Social: this factor includes reference group, family, social roles and statuses. Reference groups are the group of people who have a positive or negative influence on a person attitude and behavior. The degree to which a reference group will affect a purchase decision depends on an individual susceptibility to reference group influence and the strength of his or her involvement with the group. Concerning the influence of role, roles determine things we should do based on the expectation of our from others position within a group. According Kotler’s model (Kotler, 2003) and several studies (Maetee, 2001, Saowanee, 1997), reference group, family social roles and statuses were considered as factors affecting buyer’s decision.

Personal: Personal factor is known as demography of people. It includes personal information such as age, gender, occupation, income, education level, etc. many studies (Kanoknard, 1998) found that these factors influence the buying decision.

Psychological: Psychological factor includes lifestyle, learning, and belief. Lifestyle is defined as the consistent pattern people follow in their lives. Beside lifestyle, learning and belief are also considered as Psychological factors influencing consumer behavior. Previous study (Saowanee, 1997) found that using experiences have an effect on next buying decision. Also, it was found that information about the products would create belief that may influence buying decision (Pornchai, 2004; Kanoknard, 1998).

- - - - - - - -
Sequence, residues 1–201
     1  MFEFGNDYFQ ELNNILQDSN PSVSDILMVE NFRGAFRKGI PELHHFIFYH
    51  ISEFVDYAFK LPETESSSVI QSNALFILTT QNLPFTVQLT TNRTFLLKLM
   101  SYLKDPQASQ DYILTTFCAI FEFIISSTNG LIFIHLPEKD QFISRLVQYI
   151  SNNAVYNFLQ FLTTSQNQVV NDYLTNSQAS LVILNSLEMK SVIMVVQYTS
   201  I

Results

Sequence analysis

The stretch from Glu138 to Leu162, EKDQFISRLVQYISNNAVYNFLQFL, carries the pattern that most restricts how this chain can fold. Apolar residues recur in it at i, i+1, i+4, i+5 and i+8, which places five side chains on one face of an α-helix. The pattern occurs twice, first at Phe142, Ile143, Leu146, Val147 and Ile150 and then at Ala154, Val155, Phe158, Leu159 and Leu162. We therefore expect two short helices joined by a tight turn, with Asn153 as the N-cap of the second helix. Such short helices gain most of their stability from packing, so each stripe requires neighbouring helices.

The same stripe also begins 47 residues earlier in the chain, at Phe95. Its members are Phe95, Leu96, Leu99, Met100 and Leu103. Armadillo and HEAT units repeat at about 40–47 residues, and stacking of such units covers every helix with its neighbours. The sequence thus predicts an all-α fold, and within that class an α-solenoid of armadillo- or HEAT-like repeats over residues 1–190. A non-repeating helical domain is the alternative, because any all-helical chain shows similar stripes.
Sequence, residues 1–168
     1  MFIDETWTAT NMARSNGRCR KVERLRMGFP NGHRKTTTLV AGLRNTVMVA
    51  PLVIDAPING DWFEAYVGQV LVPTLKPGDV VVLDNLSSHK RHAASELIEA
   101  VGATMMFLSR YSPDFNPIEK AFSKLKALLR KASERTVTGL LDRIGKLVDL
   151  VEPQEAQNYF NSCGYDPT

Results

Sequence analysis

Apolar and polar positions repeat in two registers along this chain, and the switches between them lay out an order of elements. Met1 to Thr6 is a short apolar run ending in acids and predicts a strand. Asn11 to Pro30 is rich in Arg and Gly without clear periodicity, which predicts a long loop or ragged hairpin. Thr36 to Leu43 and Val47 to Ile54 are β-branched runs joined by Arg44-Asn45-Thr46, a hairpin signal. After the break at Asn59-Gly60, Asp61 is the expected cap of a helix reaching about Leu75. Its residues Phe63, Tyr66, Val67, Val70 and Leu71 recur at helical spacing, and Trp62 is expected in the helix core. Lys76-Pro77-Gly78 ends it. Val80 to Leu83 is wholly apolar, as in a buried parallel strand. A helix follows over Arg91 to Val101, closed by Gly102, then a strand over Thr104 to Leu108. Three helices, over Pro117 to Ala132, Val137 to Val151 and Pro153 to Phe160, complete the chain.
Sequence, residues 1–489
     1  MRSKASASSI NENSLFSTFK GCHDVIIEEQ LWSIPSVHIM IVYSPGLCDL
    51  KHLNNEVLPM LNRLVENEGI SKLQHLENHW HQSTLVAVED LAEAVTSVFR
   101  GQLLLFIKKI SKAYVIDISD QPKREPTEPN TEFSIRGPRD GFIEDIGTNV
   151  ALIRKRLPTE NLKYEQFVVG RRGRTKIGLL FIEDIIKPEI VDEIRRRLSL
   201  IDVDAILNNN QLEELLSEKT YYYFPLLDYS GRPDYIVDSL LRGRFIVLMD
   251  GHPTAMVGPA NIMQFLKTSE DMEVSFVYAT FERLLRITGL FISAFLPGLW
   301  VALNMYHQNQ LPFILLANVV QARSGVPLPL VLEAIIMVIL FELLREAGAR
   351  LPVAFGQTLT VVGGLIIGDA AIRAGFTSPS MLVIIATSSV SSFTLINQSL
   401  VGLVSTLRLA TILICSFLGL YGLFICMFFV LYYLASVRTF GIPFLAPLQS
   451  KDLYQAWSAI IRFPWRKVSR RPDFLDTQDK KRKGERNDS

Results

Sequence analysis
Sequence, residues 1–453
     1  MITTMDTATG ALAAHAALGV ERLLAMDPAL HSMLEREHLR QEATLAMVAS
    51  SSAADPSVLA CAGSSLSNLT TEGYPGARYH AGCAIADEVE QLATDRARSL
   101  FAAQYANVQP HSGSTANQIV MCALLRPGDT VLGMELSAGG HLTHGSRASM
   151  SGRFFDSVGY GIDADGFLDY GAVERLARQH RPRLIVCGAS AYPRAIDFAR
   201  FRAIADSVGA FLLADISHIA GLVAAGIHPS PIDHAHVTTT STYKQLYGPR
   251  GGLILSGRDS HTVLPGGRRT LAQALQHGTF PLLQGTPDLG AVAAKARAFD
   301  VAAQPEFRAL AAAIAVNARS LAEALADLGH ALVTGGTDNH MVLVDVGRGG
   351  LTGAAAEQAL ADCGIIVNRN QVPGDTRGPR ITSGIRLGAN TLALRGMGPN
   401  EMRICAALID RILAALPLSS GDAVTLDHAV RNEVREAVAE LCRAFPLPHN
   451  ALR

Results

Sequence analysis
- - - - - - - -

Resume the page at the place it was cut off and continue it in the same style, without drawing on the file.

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2.7. Purchase Behavior.

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The buying process starts when the buyer recognizes a problem or need. The need can be triggered by internal (e.g. hunger, thirst) or external (e.g. television advertisement) stimuli. Interestingly, a need can be triggered by the marketers by several methods including by advertising or distributing product information.

Information search: An aroused consumer will be inclined to search for more information. At the next level, the person may enter an active information search such as looking for reading material, phoning friends, and visiting stores to learn about the product.

Consumer information sources fall into four groups: 1) Personal sources: family, friends, neighbors, etc. 2) commercial sources: advertising, salespersons, displays, etc. 3) public sources: mass media, consumer-rating organizations, etc. 4) experimental sources: handling, examining, using the product, etc.